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SIBHA

Encyclopaedia of Ismailism by Mumtaz Ali Tajddin

It is also pronounced as sebha, means rosary. The English word rosary is derived from the Latin, rosarium, meaning rose garden. In Persia and India, the rosary is known among the Muslims as tasbih, in Egypt, subha, meaning to praise or exalt. Among the Indians, it is called japa-mala, meaning muttering chaplet, or samarani, meaning remembrance. It is a string of beads or knotted cord, designed as an aid to the memory, providing convenient method for counting the recitation of the attributes of God.

The use of the rosary or tasbih seems to have been taken from the Koran: "O'believers! remember God, remember Him frequently" (33:41). Hence, there are certain traditions, mentioning the use of small stones, date-kernels etc. for counting eulogies, such as takbir, tahlil (pronouncing la ilaha illallah and tasbih). It is related by the women of Medina that the Prophet said to them: "Practice tasbih, tahlil and takdir, and count these eulogies on your fingers, for these will have to give you account" (Abu Daud, witr, bab 24). Ibn Sa'd (8:348) quotes that Fatima bint Hussain used to say eulogies aided by threads in which she made knots (bi-khuyut ma'kud fiha). Abu Daud quotes on the authority of Sa'd b. Abi Wakkas that he accompanied the Prophet who went to visit a woman, who counted her eulogies by means of kernels or small stones lying before her. The Prophet said to her: Shall I tell you what is easier and more profitable? "Glory to God" according to the number of what He has created in the earth; "glory to God" according to what He has created in the heavens; "glory to God" according to the number of what is between these; "glory to God" according to what He will create. And in the same way, Allah Akbar, al-Hamdu lillahi. (Ibid.)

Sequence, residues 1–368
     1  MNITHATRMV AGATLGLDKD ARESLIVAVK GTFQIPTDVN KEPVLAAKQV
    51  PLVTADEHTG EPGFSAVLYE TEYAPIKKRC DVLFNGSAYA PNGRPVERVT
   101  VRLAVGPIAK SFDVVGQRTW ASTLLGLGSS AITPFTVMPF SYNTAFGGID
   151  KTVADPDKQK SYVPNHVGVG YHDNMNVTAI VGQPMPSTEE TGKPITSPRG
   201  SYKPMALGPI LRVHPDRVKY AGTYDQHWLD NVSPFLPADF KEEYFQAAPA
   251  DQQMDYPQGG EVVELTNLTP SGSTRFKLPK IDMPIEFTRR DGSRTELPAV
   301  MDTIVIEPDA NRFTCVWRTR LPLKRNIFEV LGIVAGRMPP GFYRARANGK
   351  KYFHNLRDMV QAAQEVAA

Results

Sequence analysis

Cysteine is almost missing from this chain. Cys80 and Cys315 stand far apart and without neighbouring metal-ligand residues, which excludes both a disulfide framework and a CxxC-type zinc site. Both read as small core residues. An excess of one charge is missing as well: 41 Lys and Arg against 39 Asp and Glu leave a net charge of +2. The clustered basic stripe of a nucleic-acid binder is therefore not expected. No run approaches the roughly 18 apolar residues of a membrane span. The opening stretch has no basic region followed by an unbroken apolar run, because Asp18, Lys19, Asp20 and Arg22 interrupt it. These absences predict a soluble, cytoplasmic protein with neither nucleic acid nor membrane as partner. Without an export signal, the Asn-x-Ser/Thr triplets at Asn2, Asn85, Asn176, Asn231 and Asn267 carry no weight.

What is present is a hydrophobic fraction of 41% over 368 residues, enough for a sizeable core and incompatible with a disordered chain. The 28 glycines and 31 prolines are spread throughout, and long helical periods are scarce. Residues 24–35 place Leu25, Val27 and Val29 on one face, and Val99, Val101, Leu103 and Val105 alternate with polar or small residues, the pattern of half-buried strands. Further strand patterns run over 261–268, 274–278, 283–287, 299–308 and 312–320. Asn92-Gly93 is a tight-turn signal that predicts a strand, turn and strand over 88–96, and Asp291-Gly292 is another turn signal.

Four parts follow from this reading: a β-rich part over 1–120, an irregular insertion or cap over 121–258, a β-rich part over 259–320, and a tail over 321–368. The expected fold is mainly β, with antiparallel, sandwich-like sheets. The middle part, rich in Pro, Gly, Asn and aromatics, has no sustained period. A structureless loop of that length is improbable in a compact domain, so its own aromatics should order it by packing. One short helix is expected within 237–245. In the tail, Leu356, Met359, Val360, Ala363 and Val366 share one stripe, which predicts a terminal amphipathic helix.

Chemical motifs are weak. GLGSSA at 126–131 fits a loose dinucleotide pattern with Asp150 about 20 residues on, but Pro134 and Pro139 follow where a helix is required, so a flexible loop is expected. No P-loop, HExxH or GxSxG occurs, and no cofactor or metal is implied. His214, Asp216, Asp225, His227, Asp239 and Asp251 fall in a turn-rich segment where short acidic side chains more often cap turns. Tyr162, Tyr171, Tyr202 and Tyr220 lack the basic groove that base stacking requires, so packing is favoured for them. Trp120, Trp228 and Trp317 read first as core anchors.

Sufiya said: the Prophet entered while there were before me four thousand kernels which I used in reciting eulogies. I said: I use them in reciting eulogies. He answered: I will teach you a still larger number. Say "glory to God" according to the number of what He has created (Tirmizi, bab 103). To a different practice points the tradition according to which the Prophet counted the tasbih (Nasai, bab 97). The verb used her is akada, its being translated by "to count" is based upon the fact that the lexicons give it among others this meaning.

Later on, the above practice gave rise to the tradition of rosary among the Muslims. The date of the introduction of the rosary among the Muslims is uncertain. It has been however often assumed that it was borrowed in a fully developed form from India. Goldziher thinks it certain that the rosary came from India to western Asia. The use of the rosary is very widely spread, but its earliest home seems to be in India. There is however evidence for its having been used at first in Sufic circles.

The rosary consists of three groups of beads made of wood, bone, mother of pearls, etc. The groups are separated by two transversal beads of a large size (imam), or a terminal bead, while a much larger piece serves as a kind of handle (yad). The number of beads within each group varies (e.g. 33+33+34 or 33+33+31); in the latter case the imams and the yad are reckoned as beads. The sum total of a hundred is in accordance with the number of Allah and His 99 attributes being invoked by the believers. Thus, the rosary serves for the enumeration of these names; but it is also used for the counting of eulogies.


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